At the Barcelona round of MotoGP – or to give it its full title, the 'Gran Premi Monster Energy de Catalunya' – title sponsors Monster Energy are to unveil a new flavor of their product, called 'The Doctor', marketed around Valentino Rossi. This is not a particularly unusual event at a MotoGP weekend. Almost every race there is a presentation for one product or another, linking in with a team, or a race, or a factory. If anything, the presentation of the Monster Energy drink is even more typical than most, featuring motorcycle racing's marketing dynamite Valentino Rossi promoting an energy drink, the financial backbone of the sport.
It is also a sign of the deep trouble in which motorcycle racing finds itself. Energy drinks are slowly taking over the role which tobacco once played, funding teams, riders and races, and acting as the foundation on which much of the sport is built. Red Bull funds three MotoGP rounds, a Moto3 team and backs a handful of riders in MotoGP and World Superbikes. Monster Energy sponsors two MotoGP rounds, is the title sponsor of the Tech 3 MotoGP squad, a major backer of the factory Yamaha squad and has a squadron of other riders which it supports in both MotoGP and World Superbike paddocks. Then there's the armada of other brands: Gresini's Go & Fun (a peculiar name if ever there was one), Drive M7 backing Aspar, Rockstar backing Spanish riders, Relentless, Burn, and far too many more to mention.
Why is the massive interest in backing motorcycle racing a bad thing? Because energy drinks, like the tobacco sponsors they replace, are facing a relentless onslaught to reduce the sale and marketing of the products. A long-standing ban of the sale of Red Bull – though strangely, only Red Bull – was struck down in France in 2008. Sale of energy drinks to under-18s has been banned in Lithuania. Some states and cities in the US are considering age bans on energy drink consumption. And perhaps more significantly, the American Medical Association has been pushing for a ban on marketing energy drinks to minors, a call which resulted in leaders in the industry being called to testify in front of the Commerce, Science and Transportation Committee of the US Senate.
With Marc Marquez already signed up for 2015 and 2016, and Valentino Rossi on the verge of penning a new deal with Yamaha for two more years, attention is turning to Dani Pedrosa and Jorge Lorenzo. Will Lorenzo want to stay with Yamaha or switch to Honda? Will Pedrosa be prepared to take a pay cut or head off to a different factory? All these are thing we will learn over the coming weeks.
Pedrosa's case is particularly interesting. Some well-informed sources are starting to report on his options for the future. According to the Spanish magazine Motociclismo, Dani Pedrosa has been offered a substantial pay cut by Honda, with base salary cut from something in the region of 6 million euros a season to 1.5 million euros, with a very generous bonus scheme for winning races and the championship.
So, who is to blame for the three-class farce? When the 'Factory 2' regulations were first announced, fans and followers were quick to point the finger of blame at Honda. With good reason: HRC has made a series of comments about the way everyone except HRC have interpreted the Open class regulations. Honda thought it was their duty to build a production racer, so that is what they did. The fact that it is hopelessly uncompetitive against the Forward Yamahas – 2013-spec satellite Yamaha M1s running the 2013-spec Open software – led to suggestions from Honda that what Yamaha was doing was unfair. When Ducati announced that they would also be switching to the Open category, Repsol Honda team principal Livio Suppo was quick to denounce the move, saying it would drive costs up for the Open class teams. It was easy to put two and two together, and come up with HRC putting pressure on Dorna to impose a penalty on Ducati, for fear of them exploiting the benefits of the Open class.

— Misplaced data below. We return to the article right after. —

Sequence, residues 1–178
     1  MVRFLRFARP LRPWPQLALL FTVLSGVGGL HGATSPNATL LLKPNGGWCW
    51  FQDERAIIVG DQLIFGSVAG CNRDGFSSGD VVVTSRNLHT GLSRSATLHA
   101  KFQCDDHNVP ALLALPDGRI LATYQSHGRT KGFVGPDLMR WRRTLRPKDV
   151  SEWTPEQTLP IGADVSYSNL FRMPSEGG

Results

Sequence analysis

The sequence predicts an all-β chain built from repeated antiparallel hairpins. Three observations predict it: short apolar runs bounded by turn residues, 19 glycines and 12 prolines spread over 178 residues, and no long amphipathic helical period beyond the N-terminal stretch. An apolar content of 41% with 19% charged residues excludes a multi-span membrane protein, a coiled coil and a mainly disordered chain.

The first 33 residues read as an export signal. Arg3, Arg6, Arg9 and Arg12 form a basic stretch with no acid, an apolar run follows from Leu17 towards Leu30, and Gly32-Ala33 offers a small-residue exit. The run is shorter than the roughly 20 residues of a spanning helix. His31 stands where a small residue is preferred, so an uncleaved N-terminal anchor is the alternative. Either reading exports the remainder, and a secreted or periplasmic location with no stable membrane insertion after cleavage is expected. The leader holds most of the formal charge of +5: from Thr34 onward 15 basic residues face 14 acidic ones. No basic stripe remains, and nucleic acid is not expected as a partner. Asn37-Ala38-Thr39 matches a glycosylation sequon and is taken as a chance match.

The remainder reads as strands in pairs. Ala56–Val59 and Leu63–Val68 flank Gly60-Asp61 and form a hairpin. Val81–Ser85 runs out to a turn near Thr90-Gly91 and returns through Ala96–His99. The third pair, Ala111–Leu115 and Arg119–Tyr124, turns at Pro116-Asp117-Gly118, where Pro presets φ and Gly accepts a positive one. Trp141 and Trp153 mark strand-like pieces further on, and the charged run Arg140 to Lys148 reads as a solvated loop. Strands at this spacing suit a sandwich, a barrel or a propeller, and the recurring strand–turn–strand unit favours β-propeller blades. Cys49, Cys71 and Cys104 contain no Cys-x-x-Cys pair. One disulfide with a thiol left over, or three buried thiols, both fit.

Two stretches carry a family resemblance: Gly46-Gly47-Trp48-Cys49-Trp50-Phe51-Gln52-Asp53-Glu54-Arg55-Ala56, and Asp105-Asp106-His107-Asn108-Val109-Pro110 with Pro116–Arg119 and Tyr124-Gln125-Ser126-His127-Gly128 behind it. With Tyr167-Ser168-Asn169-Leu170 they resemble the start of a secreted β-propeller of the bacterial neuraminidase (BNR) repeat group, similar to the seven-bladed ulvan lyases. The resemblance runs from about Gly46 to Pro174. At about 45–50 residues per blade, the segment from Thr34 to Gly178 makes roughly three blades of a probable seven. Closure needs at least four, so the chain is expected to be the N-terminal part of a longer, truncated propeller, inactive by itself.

Those putting two and two together appear to have come up with a number which is not as close to four as they thought, however. The proposal for the new 'Factory 2' category did indeed come in response to pressure, but the pressure was not so much from Honda, as it was from the other Open class and satellite teams. They objected to Ducati coming in to the Open class at the same time as the new, radically updated and expanded version of the spec Magneti Marelli software was introduced. This version has vastly more capabilities than last year's version, as well as the mildly updated version used at the Sepang 1 test. The 2014 software was created by Magneti Marelli based in part on the input from Ducati, offered at the request of Dorna. Honda and Yamaha were also asked to contribute, but apparently refused.
The Open teams lack the experience and the staff to fully use the capabilities the 2014 software offers. If they chose to use it, they risked going slower, rather than faster. Ducati, on the other hand, has plenty of electronics engineers they can put to work optimizing every aspect of the new software. Put the complex software together with extra fuel Ducati is allowed under the Open class, and their performance is much more in line with the factory Yamaha and Honda teams than the Open teams. This was an unfair advantage, the Open teams said, and complained to Dorna.
As the 2013 World Superbike season ended, the question was how the series, now owned by Dorna, could once more fill the grids. With some races rewarding every finisher with points, while the cheaper Supersport and Superstock championships raced with full grids, it was clear that more seats were needed.
One part of the solution was the new EVO class. Essentially Superbikes with Superstock engines, EVO bikes are much cheaper and, from 2015, will be the standard specification of all bikes, and over a third of the full-time entries in 2014 are EVO bikes, with familiar riders taking some of the seats. Another part of the solution was the addition of several new and returning manufacturers to the series. Alongside Ducati, Aprilia, Honda, BMW, Suzuki and Kawasaki, we now have MV Agusta, Buell and, hopefully, Bimota bringing the number of marques to nine.
In the final part of our look back at 2013, we review the performance of the factories. How did Honda, Yamaha and Ducati stack up last season? What were their strong points, and how did they go about tackling their weaknesses? Above all, what does this mean for 2014? Here's our rating of MotoGP's manufacturers.
|Manufacturer's Championship Standing:||1st|